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Do gifted / HIQ people generally score higher on the OverExitabilities, as defined by Dabrowski?

Short answer: No.

Long answer:

Note that many studies done about OverExitabilities suffer from methodological shortcomings, such as a preselected samples and such.

Furthermore, different studies, all saying that "Gifted persons score higher on OE's" all present a different profile of what OE's they then are supposed to score higher on, and to what degree. When comparing all these studies, one would expect to find a more stable OE profile if the phenomenon, its measurement and the methodology is sound. The absence thus points to the conclusion of methodological issues and confounding factors across these studies. You can read more about this effect in:

Winkler, D., & Voight, A. (2016). Giftedness and Overexcitability: Investigating the Relationship Using Meta-Analysis. Gifted Child Quarterly, 60(4), 243-257. doi:10.1177/0016986216657588

I would like to point you to a very well-designed study, who IQ tested a nationwide sample of third-graders (N = 7023) with 3 intelligence tests, weighted by their g-loading. They thus found a 'gifted' group (+2 SD) and then matched each of them individually to a control child with average IQ (90-110) of the same gender, school, class, SES etc... Then 6 years later, they tested them again, using updated norms (to account for the Flynn effect). The final target group consisted of those who scored +2 SD in the first round of testing and minimally IQ 125 (using an SD of 15) six years later.

This group has been followed throughout their life. The study is known as the Marburg Giftedness project. Since this is a totally unselected sample of gifted individuals, a well-matched control group is available and study participants have not been informed about their IQ, this study provides a unique insight into the gifted population. In:

Wirthwein, L., & Rost, D. H. (2011). Focussing on overexcitabilities: Studies with intellectually gifted and academically talented adults. Personality and Individual Differences, 51(3), 337-342. doi:10.1016/j.paid.2011.03.041

They found that the target group did not differ from the control group with regard to OE, using the OEQ-II questionnaire.

From the article:

"In four of the five overexcitability scales (emotional, imaginational, psychomotor, sensual) of the Overexcitability Questionnaire-Two (OEQII; Falk et al., 1999), there were only small and no statistically significant differences between gifted and nongifted adults. A statistically significant result only emerged in ''intellectual overexcitability'' in favor of the gifted (d = .42). Our findings are in accordance with the results of other related studies (see the summary of Mendaglio & Tillier, 2006: gifted individuals often display higher scores in ''intellectual overexcitability''). A closer look at the items of the ''intellectual overexcitability'' scale makes plain that the content of the items centers on a combination of self assessment of problem solving ability as well as on the affective facets of person's self-concept of general intellectual ability (e.g., ''I love to solve problems and develop new concepts''; ''I can take difficult concepts and translate them into something more understandable''). As a rule gifted adults frequently notice that they possess a higher intellectual capacity and thus develop a higher self concept of general intellectual ability. Contrary to other findings, the giftedness sample scored slightly lower in ''emotional overexcitability'' (d = .21) as well as in ''psychomotor overexcitability'' (d = .22)."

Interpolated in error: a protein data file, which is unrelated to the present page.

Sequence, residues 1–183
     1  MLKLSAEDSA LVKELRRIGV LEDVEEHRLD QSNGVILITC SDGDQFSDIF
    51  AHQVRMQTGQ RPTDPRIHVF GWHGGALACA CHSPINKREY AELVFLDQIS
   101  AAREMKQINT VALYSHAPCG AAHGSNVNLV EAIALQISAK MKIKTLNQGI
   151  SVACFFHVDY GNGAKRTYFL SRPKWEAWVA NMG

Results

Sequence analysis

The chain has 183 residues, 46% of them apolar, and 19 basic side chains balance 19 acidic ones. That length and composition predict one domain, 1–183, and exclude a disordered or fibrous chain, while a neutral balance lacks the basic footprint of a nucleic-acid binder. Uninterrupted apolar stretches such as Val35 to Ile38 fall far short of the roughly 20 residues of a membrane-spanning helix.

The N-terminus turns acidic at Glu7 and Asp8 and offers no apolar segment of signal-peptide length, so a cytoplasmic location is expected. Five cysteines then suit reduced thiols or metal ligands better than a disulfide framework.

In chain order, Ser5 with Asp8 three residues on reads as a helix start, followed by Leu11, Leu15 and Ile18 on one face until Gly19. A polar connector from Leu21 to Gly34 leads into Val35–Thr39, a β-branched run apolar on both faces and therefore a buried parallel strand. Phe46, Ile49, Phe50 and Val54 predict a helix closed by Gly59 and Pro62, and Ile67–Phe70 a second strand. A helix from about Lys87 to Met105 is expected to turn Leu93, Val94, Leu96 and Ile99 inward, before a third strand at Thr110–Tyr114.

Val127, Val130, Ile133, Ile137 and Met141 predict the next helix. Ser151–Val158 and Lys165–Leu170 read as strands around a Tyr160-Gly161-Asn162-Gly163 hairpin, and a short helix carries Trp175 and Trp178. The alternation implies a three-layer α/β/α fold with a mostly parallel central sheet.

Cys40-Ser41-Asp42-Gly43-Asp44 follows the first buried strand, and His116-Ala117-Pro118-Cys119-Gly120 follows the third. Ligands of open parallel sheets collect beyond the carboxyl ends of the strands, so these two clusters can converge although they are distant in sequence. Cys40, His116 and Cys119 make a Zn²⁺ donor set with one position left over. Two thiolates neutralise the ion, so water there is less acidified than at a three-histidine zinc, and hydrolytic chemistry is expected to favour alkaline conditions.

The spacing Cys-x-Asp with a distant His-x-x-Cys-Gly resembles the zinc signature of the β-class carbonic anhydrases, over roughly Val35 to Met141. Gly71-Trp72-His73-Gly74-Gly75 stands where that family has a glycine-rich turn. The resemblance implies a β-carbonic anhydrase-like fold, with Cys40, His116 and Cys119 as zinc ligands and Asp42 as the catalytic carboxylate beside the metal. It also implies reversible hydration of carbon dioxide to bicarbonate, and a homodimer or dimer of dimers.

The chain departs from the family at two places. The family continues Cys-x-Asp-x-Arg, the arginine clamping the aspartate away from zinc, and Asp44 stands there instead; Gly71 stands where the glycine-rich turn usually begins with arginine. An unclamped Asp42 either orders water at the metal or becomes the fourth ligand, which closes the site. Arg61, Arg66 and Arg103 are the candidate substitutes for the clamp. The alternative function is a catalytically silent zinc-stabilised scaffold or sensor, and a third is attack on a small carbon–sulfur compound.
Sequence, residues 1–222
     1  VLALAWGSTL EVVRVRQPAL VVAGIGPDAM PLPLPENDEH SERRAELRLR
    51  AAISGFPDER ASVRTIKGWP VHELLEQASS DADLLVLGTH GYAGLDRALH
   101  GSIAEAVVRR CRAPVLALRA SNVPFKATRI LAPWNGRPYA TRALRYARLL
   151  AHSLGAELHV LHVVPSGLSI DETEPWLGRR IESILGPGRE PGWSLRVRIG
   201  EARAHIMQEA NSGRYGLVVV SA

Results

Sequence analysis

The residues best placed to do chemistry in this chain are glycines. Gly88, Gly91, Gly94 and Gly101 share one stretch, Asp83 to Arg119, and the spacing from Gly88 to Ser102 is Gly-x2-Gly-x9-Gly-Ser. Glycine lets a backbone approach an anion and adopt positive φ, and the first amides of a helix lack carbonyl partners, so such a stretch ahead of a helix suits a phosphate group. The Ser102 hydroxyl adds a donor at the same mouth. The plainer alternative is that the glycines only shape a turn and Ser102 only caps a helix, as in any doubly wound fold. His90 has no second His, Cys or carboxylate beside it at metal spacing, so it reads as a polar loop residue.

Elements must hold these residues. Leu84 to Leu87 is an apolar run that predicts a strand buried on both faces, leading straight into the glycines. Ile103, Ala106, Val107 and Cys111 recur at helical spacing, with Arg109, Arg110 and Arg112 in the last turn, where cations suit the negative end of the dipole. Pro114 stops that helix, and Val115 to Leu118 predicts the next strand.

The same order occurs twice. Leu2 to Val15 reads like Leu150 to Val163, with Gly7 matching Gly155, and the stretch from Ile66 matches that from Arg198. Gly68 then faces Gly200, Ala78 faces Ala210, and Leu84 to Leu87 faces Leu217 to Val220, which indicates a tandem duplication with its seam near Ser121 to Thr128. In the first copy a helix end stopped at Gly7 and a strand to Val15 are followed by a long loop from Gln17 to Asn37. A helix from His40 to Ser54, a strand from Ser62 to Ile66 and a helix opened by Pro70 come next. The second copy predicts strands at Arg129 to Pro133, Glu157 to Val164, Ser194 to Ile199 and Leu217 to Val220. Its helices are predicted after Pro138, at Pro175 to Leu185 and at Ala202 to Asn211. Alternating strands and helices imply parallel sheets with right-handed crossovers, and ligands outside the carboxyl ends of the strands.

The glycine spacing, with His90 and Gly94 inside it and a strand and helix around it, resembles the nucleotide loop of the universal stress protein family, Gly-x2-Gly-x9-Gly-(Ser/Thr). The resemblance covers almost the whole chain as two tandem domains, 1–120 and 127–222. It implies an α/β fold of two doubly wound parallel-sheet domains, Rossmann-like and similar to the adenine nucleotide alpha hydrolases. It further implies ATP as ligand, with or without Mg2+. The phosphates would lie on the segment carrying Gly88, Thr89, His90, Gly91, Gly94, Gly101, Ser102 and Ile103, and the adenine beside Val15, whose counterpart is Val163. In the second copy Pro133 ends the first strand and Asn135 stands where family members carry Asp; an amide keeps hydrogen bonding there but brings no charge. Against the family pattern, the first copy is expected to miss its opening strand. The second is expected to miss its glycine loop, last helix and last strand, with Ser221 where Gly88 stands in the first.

I suggest you read all articles from the Marburg Giftedness Project in the database. Their unique methodological setup gives true insight into the population of individuals with an IQ of 2 standard deviations above the mean:

Bergold, S., Wirthwein, L., Rost, D. H., & Steinmayr, R. (2015). Are gifted adolescents more satisfied with their lives than their non-gifted peers? Frontiers in Psychology, 6. doi:10.3389/fpsyg.2015.01623

Wirthwein, L., & Rost, D. H. (2011). Focussing on overexcitabilities: Studies with intellectually gifted and academically talented adults. Personality and Individual Differences, 51(3), 337-342. doi:10.1016/j.paid.2011.03.041

Wirthwein, L., & Rost, D. H. (2011). Giftedness and subjective well-being: A study with adults. Learning and Individual Differences, 21(2), 182-186. doi:10.1016/j.lindif.2011.01.001

Wirthwein, L., Becker, C. V., Loehr, E.-M., & Rost, D. H. (2011). Overexcitabilities in gifted and non-gifted adults: does sex matter? High Ability Studies, 22(2), 145-153. doi:10.1080/13598139.2011.622944

Sparfeldt, J. R., Schilling, S. R., & Rost, D. H. (2006). Hochbegabte Underachiever als Jugendliche und junge Erwachsene: Des Dramas zweiter Akt? Zeitschrift für Pädagogische Psychologie, 20(3), 213-224. doi:10.1024/1010-0652.20.3.213

Rost, D. H., & Hanses, P. (1998). The `drama` of the gifted underachievers - `ordinary` or `extraordinary` underachievers? Zeitschrift Für Pädagogische Psychologie, 12(1), 53-71.

Rost, D. H., & Hanses, P. (1997). Not achieving - not gifted? About the identification of gifted underachievers by teacher-ratings. Zeitschrift Für Entwicklungspsychologie Und Pädagogische Psychologie, 24, 167-177.

Rost, D. H., & Hanses, P. (1994). The Possession and Use of Toys in Elementary-School Boys and Girls: does giftedness make a difference? Educational Psychology, 14(2), 181-194. doi:10.1080/0144341940140203